After spending several months weighing their options, the Drunsics decided to create a mixed-use property that would take full advantage of the building’s architectural features. They then drafted initial plans to rebuild the structure in a way that would accommodate commercial properties on the bottom floor and private residences on the upper floors. Stephen Drunsic elaborates: “At the time, there was an ongoing movement of developers who were re-gentrifying local downtown districts by repurposing old buildings and updating them in tasteful and modern ways. Factory Point Bank actually drew the inspiration for its name from Manchester’s industrial heyday in the mid-19th century. Back then, there were a number of commercial enterprises that were built around the river that runs through downtown Manchester, such as a tannery and a marble mill. As the new stewards of the property, we knew that we wanted to similarly honor the legacy of the Factory Point district. We named the building ‘Factory Point Place,’ and we went to great lengths to preserve its original architecture.”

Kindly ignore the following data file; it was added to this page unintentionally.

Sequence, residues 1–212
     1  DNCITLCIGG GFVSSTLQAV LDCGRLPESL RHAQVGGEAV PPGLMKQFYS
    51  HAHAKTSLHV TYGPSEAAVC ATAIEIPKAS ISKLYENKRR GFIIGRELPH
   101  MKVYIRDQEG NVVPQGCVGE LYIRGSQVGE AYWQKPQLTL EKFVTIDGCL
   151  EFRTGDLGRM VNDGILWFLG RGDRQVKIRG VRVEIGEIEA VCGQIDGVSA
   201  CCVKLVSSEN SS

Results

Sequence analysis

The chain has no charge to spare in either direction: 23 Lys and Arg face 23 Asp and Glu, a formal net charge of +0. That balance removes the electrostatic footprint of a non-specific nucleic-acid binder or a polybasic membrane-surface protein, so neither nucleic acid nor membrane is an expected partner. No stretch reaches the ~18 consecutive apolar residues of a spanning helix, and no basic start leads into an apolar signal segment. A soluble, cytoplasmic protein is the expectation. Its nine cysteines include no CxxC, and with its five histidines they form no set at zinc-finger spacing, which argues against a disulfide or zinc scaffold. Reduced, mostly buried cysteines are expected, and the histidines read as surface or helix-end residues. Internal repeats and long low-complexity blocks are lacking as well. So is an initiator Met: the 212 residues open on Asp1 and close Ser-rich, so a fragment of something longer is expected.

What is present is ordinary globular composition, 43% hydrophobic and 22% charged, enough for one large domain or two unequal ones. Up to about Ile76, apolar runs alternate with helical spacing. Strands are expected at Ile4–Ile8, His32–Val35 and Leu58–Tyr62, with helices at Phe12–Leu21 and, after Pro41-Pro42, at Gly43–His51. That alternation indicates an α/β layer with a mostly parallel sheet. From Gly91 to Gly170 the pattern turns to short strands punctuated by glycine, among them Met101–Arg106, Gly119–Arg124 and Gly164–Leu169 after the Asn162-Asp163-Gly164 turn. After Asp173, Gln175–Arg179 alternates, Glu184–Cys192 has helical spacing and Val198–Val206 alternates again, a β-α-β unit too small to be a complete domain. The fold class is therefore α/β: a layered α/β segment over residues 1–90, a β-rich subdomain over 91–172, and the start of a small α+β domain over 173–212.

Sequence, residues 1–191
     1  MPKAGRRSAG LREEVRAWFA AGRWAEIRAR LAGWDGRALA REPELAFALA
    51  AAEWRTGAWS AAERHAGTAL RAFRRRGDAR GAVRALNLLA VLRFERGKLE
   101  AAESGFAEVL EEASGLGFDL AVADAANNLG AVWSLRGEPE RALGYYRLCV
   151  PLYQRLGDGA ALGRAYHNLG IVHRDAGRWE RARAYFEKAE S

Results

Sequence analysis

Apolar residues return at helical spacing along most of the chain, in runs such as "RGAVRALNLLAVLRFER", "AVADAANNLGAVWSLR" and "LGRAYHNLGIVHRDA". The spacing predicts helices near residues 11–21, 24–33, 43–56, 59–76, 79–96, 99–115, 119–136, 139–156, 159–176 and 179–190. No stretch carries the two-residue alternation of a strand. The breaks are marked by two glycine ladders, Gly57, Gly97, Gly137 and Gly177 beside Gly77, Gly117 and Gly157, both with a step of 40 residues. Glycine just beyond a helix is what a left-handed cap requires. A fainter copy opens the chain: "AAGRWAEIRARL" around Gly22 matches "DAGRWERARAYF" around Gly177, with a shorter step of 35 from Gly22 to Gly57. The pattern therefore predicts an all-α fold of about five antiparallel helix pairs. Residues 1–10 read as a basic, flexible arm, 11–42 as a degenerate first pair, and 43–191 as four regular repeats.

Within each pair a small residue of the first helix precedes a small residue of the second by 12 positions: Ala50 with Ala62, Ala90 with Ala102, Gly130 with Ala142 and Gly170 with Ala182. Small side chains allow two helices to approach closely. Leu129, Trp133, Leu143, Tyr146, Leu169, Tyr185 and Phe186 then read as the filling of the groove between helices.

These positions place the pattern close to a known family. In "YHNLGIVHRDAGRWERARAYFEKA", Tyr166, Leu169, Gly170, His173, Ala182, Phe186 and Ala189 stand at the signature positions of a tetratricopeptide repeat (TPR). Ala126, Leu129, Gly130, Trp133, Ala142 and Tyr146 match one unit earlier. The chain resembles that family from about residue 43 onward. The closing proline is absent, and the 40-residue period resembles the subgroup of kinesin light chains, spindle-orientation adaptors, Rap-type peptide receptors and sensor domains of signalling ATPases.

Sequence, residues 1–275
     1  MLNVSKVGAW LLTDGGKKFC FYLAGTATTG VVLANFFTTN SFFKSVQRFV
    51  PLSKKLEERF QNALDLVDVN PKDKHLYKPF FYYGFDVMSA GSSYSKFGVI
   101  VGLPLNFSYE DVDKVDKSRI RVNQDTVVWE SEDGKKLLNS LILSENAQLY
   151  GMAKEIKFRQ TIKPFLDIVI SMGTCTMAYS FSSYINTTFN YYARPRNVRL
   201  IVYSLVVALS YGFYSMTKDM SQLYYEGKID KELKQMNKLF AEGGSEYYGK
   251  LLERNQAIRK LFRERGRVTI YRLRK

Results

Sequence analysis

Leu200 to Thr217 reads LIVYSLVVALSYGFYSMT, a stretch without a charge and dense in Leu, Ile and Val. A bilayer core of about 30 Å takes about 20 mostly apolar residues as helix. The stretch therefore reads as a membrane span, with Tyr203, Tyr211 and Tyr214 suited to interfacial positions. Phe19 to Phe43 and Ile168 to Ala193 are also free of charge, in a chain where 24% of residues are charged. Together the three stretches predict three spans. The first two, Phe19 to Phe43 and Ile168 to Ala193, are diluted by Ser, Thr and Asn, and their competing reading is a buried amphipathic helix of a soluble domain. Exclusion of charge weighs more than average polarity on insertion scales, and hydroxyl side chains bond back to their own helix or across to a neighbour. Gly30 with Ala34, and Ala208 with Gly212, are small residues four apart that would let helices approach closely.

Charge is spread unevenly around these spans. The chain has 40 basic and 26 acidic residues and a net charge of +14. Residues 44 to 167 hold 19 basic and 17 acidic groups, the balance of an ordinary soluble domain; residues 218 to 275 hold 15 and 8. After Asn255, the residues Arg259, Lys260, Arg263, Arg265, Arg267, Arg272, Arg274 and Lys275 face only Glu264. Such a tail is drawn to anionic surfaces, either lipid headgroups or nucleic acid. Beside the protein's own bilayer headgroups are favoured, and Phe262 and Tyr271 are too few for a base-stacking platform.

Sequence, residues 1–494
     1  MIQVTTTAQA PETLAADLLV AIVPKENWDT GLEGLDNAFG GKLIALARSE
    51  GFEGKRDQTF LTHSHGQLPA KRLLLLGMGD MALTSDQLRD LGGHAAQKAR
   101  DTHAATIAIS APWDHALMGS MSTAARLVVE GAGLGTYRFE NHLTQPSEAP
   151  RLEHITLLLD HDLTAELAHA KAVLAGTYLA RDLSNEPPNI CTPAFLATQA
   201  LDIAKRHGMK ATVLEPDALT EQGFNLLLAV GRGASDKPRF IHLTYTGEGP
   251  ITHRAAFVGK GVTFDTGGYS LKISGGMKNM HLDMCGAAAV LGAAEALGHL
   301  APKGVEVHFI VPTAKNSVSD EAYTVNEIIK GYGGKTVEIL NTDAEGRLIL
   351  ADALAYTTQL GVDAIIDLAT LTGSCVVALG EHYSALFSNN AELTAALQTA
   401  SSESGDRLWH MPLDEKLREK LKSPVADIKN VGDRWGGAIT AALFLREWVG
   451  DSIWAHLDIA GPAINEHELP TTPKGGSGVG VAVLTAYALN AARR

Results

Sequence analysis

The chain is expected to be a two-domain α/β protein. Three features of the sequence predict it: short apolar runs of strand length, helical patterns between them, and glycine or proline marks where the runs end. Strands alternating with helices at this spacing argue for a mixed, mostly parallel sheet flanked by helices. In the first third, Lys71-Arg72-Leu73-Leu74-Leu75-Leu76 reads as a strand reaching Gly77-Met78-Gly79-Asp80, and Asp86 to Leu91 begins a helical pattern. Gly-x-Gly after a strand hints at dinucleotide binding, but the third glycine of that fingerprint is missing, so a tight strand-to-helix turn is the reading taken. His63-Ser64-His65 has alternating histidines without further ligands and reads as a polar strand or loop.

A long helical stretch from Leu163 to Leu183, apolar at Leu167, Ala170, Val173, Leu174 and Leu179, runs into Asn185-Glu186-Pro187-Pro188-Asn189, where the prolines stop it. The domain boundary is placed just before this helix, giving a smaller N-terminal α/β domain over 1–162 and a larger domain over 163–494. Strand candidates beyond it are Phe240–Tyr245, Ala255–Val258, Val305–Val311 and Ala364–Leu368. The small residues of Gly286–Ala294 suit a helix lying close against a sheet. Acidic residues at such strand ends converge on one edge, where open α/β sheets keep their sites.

According to Drunsic, the renovation process began the same year that they acquired the building in 2014. “We knew from the beginning that a building of this size and age was going to require a comprehensive ‘gut-renovation’ in order to convert it in the way that we desired. First, we demolished the interior space down to the studs so that we could better assess the integrity and location of the load-bearing walls. We then brought in an architect and structural engineer to develop a better understanding of how we could re-program the interior space to align with our objectives.”